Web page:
Last Updated: Tue Jan 10, 2012 18:20 pm (KSA) 15:20 pm (GMT)

Israeli Mossad recruiting Iranian exiles in Iraq’s Kurdish region: report

Iran has regularly accused the United States and Israel of targeting its nuclear scientists in a bid to disrupt its nuclear program. (Reuters)
Iran has regularly accused the United States and Israel of targeting its nuclear scientists in a bid to disrupt its nuclear program. (Reuters)

The Israeli spy agency Mossad is using Iranian exiles living in the autonomous Iraqi region of Kurdistan to target Iranian nuclear experts and sabotage the Islamic Republic’s nuclear program, says an Iraqi security official quoted by the French daily Le Figaro.

“The Mossad agents have increased their infiltration in the Kurdish regions of Iraq,” the unnamed security official was quoted as saying.

He said Iranian refugees in the Kurdish regions opposed to the current regime in Tehran are being recruited by the Israeli agents to target Iranian experts in nuclear technology.

Iran has regularly accused the United States and Israel of targeting its nuclear scientists in a bid to disrupt its nuclear program.

On Monday, Iran’s Revolutionary Court sentenced an Iranian-American man to death on charges of espionage for the Central Intelligence Agency (CIA), a charge that the U.S. has denied as baseless.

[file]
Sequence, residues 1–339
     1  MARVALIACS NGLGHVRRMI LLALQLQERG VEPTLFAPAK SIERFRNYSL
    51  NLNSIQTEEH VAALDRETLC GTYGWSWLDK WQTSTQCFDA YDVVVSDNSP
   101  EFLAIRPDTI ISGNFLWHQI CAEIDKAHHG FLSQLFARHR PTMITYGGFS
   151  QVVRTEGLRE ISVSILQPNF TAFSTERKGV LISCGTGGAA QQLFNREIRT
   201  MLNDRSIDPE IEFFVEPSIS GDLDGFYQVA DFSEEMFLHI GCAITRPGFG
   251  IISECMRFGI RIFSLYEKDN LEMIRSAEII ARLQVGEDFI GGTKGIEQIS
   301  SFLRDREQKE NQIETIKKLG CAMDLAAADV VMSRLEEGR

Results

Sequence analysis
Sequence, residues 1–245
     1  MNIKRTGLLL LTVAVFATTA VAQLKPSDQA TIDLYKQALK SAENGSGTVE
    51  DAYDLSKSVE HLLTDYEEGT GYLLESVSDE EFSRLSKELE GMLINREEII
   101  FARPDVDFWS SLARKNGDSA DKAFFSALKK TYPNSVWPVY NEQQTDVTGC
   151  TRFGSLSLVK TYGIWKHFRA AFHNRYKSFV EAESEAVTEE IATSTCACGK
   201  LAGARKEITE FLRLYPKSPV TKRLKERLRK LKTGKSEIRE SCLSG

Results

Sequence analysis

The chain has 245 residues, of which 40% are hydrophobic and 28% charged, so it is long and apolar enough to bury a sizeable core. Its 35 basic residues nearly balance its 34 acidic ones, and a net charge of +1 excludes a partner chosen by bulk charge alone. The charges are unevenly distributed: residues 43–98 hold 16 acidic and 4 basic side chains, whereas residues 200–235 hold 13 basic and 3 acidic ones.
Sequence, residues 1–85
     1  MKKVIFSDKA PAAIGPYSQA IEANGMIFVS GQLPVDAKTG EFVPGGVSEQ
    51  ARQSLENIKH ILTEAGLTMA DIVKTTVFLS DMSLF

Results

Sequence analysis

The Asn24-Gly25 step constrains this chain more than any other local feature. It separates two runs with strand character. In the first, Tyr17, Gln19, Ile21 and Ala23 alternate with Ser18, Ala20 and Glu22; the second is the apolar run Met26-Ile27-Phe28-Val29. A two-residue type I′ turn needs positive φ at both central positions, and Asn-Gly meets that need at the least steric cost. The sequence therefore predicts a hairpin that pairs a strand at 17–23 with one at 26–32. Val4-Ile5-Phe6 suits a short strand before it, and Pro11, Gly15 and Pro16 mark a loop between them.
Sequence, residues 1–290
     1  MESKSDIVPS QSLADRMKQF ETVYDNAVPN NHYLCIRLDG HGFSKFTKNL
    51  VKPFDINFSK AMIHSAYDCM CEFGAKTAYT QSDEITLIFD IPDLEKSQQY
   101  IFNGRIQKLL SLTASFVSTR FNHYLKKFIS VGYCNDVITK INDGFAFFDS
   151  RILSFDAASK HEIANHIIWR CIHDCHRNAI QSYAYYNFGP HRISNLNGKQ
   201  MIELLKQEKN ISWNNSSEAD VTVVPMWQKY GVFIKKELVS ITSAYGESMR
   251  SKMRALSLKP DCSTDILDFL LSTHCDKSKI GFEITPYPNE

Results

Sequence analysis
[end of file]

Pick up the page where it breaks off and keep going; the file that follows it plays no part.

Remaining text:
Hekmati, a 28-year-old of Iranian descent born in the southwestern U.S. state of Arizona, was arrested in December and Iran’s Intelligence Ministry accused him of receiving training at U.S. bases in neighboring Afghanistan and Iraq.

Iran’s judiciary said Hekmati admitted to having links with the CIA but denied any intention of harming Iran, which has had no relations with the United States since its 1979 Islamic Revolution, according to Reuters. Mutual antagonism has reigned since.

Iran, which often accuses its foes of trying to destabilize its Islamic system, said in May it had arrested 30 people on suspicion of spying for the United States and later 15 people were indicted for spying for Washington and Israel.

Despite mounting international pressure and sharpened rhetoric, Iran seems determined to stick to its nuclear course ahead of the parliamentary election, to be followed by a presidential ballot in 2013.

The United States is concerned that Iran’s nuclear program is aimed at producing a weapon, but Tehran insists it is for peaceful energy production.

The United States has previously said that it could live with a nuclear-capable Iran but that it will not allow the Islamic Republic to develop a nuclear weapon.

Obama and Congress agreed in August to cut some $487 billion in defense spending over the next decade as part of efforts to bring of the nation’s $14 trillion debt under control.

But Defense Secretary Leon Panetta warned U.S. rivals not to miscalculate the cuts in the U.S. defense budget.

He particularly warned Iran not to carry out its threat to close the strategic Strait of Hormuz .

“We made very clear that the United States will not tolerate the blocking of the Straits of Hormuz,” Panetta told CBS television. “That’s another red line for us and that we will respond to them.”

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